Introduction to and exploration of gender and women's experience, both historical and contemporary, through different literary forms. Students will become familiar with and apply feminist theory to a variety of creative forms. Writing assignments may include nonfiction, fiction, poetry, and/or dramatic writing. Readings by women writers past and present. Prerequisites: WRTG 20500, WRTG 23600, or WRTG 23800. 3 credits. (F,S,Y)
Advanced workplace writing concentrating on proposals and grants. Students address problems in the local community while studying the interplay among business, education, government, and nonprofits. Attentive to civic responsibility in the marketplace, this course teaches research and assessment, project management, editing, and document design. Group work emphasizes social networks and service learning. Prerequisites: Junior standing and one of the following: WRTG 20100, WRTG 21100, or WRTG 21300. 3 credits. (F-S, Y)
Advanced expository course in developing the skills necessary to write informative, accurate, and interesting feature articles suitable for print or online publications. Students learn interviewing and reporting skills, as well as feature genres, style, and structure. Prerequisites: Junior standing, WRTG 23300. 3 credits. (F-S, Y)
Writing humorously in the comedic or satiric mode. Introduces a variety of humorous forms, such as monologue, parody, caricature, and irony. Readings from past and present works contribute to a study of the historical, philosophical, psychological, and cultural dimensions of humor. Major emphasis is placed on creative writing. Prerequisites: Junior standing; WRTG 20500 or WRTG 23600. (F or S,Y) Attributes: FA, 3 credits.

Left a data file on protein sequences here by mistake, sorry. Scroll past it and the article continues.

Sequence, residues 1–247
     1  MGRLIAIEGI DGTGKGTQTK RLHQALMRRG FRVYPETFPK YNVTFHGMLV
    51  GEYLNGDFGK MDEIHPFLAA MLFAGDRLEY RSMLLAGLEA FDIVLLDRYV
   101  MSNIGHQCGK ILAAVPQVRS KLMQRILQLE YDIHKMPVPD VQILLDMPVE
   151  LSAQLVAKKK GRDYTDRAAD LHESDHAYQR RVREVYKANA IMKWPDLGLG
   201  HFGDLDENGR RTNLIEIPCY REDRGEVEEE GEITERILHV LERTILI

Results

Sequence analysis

An advanced workshop for students with a serious commitment to writing fiction. Builds on the work begun in WRTG 23600. Students may write short stories or longer fictional pieces. Prerequisites: Junior standing; WRTG 23600. 3 credits. (F-S,Y)
An advanced workshop for students with a serious commitment to the art of writing poetry. Students build on the study begun in WRTG 23800, striving for a greater understanding of issues and techniques in poetry. Prerequisites: Junior standing; WRTG 23800. (F or S,Y), Attributes: FA, 3 credits.
Experience in researching, writing, and marketing magazine articles, with an emphasis on features. Students study the various types of articles and analyze magazines for their content, audience, and editorial policy and slant, using this understanding to write for particular magazines of their choice. Students learn reporting and research techniques, as well as how to query editors. Prerequisites: Junior standing or above; WRTG 20100, WRTG 20500, JOUR 11100, or WRTG 33100. (F,Y), Attributes: HU